Grand-Am Founder To Start 24 Hours of Le Mans


The 2013 24 Hours of Le Mans will be started by Grand-Am Road Racing founder Jim France, the Automobile Club de l’Ouest has announced.

The 68-year-old, who is also NASCAR vice-chairman, will give the signal to start the twice round the clock race as American sports car racing heads in to a new phase of expansion from 2014 after unveiling in April 2013 that the American Le Mans Series and Grand-Am Series would merge under the ACO banner as United SportsCar Racing.

The appointment of France marks the first time in the event’s 90 year history that the start of the race will have been given by two members of the same family, after brother Bill France, Jr. dropped the flag to start the race in 1976.

“I will be waving the flag to start next month’s 24 Hours of Le Mans on behalf of the entire North American sports car community,” said France.

“It demonstrates the universal interest in the consolidation of America’s two leading road racing organizations. The world-wide racing community is already anticipating the debut of United SportsCar Racing at the 2014 Rolex 24 At Daytona, with its close association to the ACO and link to the 24 Hours of Le Mans.”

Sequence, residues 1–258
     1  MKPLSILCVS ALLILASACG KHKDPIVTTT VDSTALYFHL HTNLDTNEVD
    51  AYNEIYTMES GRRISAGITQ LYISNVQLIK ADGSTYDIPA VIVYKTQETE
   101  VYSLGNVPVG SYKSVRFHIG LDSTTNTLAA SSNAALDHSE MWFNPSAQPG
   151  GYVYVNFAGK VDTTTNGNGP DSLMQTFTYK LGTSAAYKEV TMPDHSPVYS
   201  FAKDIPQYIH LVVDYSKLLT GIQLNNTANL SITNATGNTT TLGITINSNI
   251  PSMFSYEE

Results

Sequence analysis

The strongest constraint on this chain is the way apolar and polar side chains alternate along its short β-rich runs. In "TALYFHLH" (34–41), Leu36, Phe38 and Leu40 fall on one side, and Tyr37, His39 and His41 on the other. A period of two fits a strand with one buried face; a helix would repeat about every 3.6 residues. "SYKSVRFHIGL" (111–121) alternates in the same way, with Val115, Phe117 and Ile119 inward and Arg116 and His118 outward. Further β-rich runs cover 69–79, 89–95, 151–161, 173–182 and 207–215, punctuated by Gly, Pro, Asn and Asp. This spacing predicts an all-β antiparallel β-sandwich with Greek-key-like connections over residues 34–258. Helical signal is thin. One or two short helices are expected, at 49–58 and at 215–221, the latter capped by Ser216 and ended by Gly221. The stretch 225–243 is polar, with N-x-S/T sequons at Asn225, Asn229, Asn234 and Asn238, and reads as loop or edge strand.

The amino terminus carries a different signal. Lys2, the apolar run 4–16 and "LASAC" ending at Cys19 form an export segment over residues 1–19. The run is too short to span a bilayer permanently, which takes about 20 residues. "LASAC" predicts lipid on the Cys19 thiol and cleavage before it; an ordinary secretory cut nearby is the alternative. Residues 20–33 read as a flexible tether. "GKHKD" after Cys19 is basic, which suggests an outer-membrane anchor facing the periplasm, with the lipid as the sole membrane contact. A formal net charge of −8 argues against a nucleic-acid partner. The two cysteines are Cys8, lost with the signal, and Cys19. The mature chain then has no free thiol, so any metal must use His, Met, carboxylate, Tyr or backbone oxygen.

France will be handed the French flag symbolically from ALMS founder, Don Panoz, in the presence of the President of the ACO, Pierre Fillon.

“We are particularly honored that Jim France has accepted to give the start to the Le Mans 24 Hours in this very symbolic year, in which we’re celebrating the 90th anniversary of the greatest endurance race in the world,” added ACO President Pierre Fillon.

“It proves just how close are the links between the club that created endurance racing and the authorities of North American motor sports.”

“On a personal note,” concluded France. “It’s gratifying to serve in a role that my brother Bill performed in 1976. My dad Bill Sr. [NASCAR founder] always appreciated the international appeal of sports car racing, which he felt was epitomized in the 24 Hours of Le Mans.”